Queen Cakes

Author
by Kate C
Publish date
15 March 2011
Comments
Comments (10)

Last week, just in time for the Melbourne Food and Wine Festival, Eliza Duckmanton's Recipe & Remedy book was added to Collections Online. This blog post pays tribute to her in the most delicious way.

Eliza Duckmanton was a bush nurse and mother of 12 who lived in Dunkeld, Victoria. She created the book in 1870 and its contents - recipes for cakes, pickles, jams, jellies and biscuits - reveal what pioneer women cooked for their families. Eliza's book of clippings and handwritten recipes is also dotted with the odd sketch.This treasure was passed down the generations of the Duckmanton family until it was donated to Museum Victoria in 2002.

While the food section in any bookshop today is spilling over with cookbooks about every kind of edible, published cookbooks were relatively uncommon in Victorian times. The English & Australian Cookery Book written by Walter Abbott in 1864 is considered the first Australian cookbook. Recipes were handed around between friends and family members, or torn from newspapers, and compiled in books like Eliza's. Hers is particularly interesting for its remedies, too - her cure for cancer is a concoction containing saltpetre, sulphur and molasses!

I quite liked the idea of reviving one of Eliza's cake recipes, so on the weekend I baked her Queen Cakes. I assume these are named for Queen Victoria but would love to know the full story if there are any food historians reading. Although Eliza didn't specify that Queen Cakes are baked in individual cases, my copy of the CWA cookbook did. The recipe is transcribed below along with a few changes I made to the order of operations.

As I cooked, I thought about the 140-odd years between Eliza and I. My ingredients came in neat supermarket packages and an electric mixer saved me a lot of elbow grease. Eliza might have made her own butter and hauled home sacks of drygoods. She probably collected and chopped the wood that fuelled her oven and it certainly didn't have a thermostat. Despite this, I'm sure her cakes were just as buttery, dense and delicious as the modern remake. 

Queen Cakes Queen Cakes made from Eliza Duckmanton's 1870 recipe.
Source: Museum Victoria
 

Queen Cakes

1 lb flour

½ lb butter

½ lb pounded loaf sugar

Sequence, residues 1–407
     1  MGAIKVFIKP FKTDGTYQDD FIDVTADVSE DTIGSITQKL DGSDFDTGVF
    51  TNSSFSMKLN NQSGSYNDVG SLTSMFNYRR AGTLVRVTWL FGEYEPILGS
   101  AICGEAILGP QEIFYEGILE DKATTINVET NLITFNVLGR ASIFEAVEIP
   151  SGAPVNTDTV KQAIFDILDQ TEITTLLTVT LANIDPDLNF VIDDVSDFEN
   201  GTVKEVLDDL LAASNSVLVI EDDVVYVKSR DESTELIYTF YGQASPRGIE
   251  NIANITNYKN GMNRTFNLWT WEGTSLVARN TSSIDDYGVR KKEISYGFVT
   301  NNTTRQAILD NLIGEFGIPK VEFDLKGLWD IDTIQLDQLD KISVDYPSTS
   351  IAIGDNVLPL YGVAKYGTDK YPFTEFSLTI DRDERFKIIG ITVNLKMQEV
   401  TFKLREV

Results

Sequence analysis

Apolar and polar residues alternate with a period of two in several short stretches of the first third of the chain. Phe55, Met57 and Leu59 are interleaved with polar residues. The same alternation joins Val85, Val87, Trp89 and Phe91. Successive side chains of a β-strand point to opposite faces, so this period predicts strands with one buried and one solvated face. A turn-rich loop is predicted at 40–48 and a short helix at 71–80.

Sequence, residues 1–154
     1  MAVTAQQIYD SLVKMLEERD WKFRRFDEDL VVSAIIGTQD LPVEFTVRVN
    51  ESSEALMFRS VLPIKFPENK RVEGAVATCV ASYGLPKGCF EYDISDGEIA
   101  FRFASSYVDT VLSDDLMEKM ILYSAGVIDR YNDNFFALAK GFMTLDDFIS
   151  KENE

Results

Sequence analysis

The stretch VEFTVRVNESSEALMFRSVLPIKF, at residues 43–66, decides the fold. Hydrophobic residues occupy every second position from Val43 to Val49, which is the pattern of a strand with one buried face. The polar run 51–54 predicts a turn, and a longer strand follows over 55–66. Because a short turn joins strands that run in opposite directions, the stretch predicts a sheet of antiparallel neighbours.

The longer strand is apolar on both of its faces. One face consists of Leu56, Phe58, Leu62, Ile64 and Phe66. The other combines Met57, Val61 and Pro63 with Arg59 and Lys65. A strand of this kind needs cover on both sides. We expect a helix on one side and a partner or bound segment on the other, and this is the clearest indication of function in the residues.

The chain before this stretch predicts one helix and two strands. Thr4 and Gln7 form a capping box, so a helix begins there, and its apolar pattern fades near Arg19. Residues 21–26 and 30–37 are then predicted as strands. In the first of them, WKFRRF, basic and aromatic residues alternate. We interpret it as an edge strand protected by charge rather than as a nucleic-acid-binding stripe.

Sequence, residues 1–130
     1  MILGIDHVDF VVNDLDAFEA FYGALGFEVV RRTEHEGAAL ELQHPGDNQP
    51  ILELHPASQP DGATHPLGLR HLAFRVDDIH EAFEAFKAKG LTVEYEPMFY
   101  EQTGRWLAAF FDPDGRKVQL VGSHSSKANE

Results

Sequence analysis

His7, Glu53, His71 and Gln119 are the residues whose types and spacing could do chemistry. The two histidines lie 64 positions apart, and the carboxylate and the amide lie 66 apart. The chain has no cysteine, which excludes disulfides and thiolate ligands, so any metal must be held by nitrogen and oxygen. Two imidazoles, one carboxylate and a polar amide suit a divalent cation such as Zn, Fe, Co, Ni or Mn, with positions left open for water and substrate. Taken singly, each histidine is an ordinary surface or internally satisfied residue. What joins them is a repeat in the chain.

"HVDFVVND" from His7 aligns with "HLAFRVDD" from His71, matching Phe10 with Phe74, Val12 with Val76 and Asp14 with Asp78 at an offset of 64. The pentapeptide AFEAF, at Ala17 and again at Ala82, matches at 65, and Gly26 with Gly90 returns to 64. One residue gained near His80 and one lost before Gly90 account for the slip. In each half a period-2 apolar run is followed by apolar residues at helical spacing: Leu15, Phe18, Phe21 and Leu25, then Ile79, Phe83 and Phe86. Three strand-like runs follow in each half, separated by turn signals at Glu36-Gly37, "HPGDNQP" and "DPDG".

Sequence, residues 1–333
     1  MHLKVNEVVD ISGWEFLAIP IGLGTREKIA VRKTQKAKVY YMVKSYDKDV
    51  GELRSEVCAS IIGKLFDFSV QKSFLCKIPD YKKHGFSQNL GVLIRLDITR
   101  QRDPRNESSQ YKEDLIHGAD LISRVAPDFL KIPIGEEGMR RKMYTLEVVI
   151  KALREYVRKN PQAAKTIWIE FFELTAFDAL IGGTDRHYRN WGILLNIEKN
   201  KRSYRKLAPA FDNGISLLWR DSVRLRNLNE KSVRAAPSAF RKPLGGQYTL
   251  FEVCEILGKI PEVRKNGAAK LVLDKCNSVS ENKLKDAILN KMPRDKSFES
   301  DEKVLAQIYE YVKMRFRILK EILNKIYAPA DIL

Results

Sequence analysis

3 eggs

1 teacupful of cream

½ lb currants

1 teaspoonfull of soda

Work the butter to a cream. Dredge in the flour and add the sugar and currants. Mix the ingredients well together. Whisk the eggs, when fluffy, mix the cream and flavouring and stir these to the flour, add the soda, beat the paste well for 10 minutes, bake from ¼ to ½ hour.

*Changes made: I creamed butter and sugar together, then added eggs and cream, mixed lightly, and cooked about 15 minutes at 180ºC. This made about 20 small cakes.

Comments (10)

sort by
newest
oldest
Philip 15 March, 2011 15:44
Dredge!
reply
Kate C 15 March, 2011 16:13
Philip, I know - what a fabulous word. I can't be sure that's what she meant since the handwriting is a little spidery. But dredge I did!
Simon 15 March, 2011 17:01
Dredge is a perfectly cromulent word. From Dictionary.com: dredge –verb (used with object), dredged, dredg·ing. Cookery . to sprinkle or coat with some powdered substance, especially flour. Origin: 1590–1600; v. use of dredge (now obsolete or dial.) mixture of grains, late Middle English dragge, dregge, apparently to be identified with Middle English drag ( g ) e, dragie (disyllabic) sweetmeat, confection < Anglo-French drag ( g ) é, dragee, Old French ( see dragée); compare similar dual sense of Medieval Latin dragētum, dragium
Liz 16 March, 2011 09:55
Dredge is a very heavy word for spinkle.Are the cakes heavy or light?
close this reply
Write your reply to Liz's comment All fields are required

We love receiving comments, but can’t always respond.

Susan McB 15 March, 2011 15:44
The name of this little cakes is very familiar to me - my mother used to make what she called Queen cakes, but she used sultanas instead of currants. The were also cooked in paper patty pans, or in a tray like muffins, except the base was rounded not flat. They were also delicious, and a fond memory of a long ago childhood. Well done for trying the recipe yourself.
reply
kim 7 April, 2011 23:14
I am Eliza's great great grand-daughter and I am delighted to see the book on line. She must have been such a competent mother, as all her 12 children survived to be adults - except Leo who was killed on the Western Front. He chides his sisters in one letter to stop writing to him about the food they are cooking at home in Dunkeld. 'Reading about mum's cheese cakes nearly sent me spare!'
reply
Jane 4 July, 2012 16:38
Do you have suggestions where I could look for information and recipes from 1861 onwards?
reply
Kate C 4 July, 2012 18:06
Hi Jane, you could try openlibrary.org - I did a search under for the subject 'cooking' and found lots of old cookbooks that you can read online.
Discovery Centre 5 July, 2012 16:33

Hi Jane,

 Project Gutenberg can be searched for ‘cooking - 1860’.  These titles can be downloaded in several formats for free as copyright has expired.

The Food Timeline is another good site that also includes historical information on ingredients. 

simone 21 October, 2012 11:27
was wondering how much one tea cup translates to, and also what is pounded loaf sugar? sounds like a great recipe would like to try it if i can get these answers! thanks!
reply

About this blog

Updates on what's happening at Melbourne Museum, the Immigration Museum, Scienceworks, the Royal Exhibition Building, and beyond.

Categories